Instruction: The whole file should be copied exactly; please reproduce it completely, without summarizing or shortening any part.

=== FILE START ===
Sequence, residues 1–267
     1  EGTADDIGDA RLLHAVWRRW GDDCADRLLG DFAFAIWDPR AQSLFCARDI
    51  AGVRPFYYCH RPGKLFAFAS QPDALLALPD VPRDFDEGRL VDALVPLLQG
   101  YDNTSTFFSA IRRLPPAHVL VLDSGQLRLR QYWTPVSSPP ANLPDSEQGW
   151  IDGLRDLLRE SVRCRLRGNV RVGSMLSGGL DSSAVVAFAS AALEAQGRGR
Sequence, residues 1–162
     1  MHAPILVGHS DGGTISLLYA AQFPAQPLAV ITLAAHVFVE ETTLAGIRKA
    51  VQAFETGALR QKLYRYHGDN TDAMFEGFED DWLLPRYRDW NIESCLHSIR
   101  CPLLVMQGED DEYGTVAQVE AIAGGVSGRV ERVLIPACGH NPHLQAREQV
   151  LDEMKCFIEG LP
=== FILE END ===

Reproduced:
Sequence, residues 1–267
     1  EGTADDIGDA RLLHAVWRRW GDDCADRLLG DFAFAIWDPR AQSLFCARDI
    51  AGVRPFYYCH RPGKLFAFAS QPDALLALPD VPRDFDEGRL VDALVPLLQG
   101  YDNTSTFFSA IRRLPPAHVL VLDSGQLRLR QYWTPVSSPP ANLPDSEQGW
   151  IDGLRDLLRE SVRCRLRGNV RVGSMLSGGL DSSAVVAFAS AALEAQGRGR
Sequence, residues 1–162
     1  MHAPILVGHS DGGTISLLYA AQFPAQPLAV ITLAAHVFVE ETTLAGIRKA
    51  VQAFETGALR QKLYRYHGDN TDAMFEGFED DWLLPRYRDW NIESCLHSIR
   101  CPLLVMQGED DEYGTVAQVE AIAGGVSGRV ERVLIPACGH NPHLQAREQV
   151  LDEMKCFIEG LP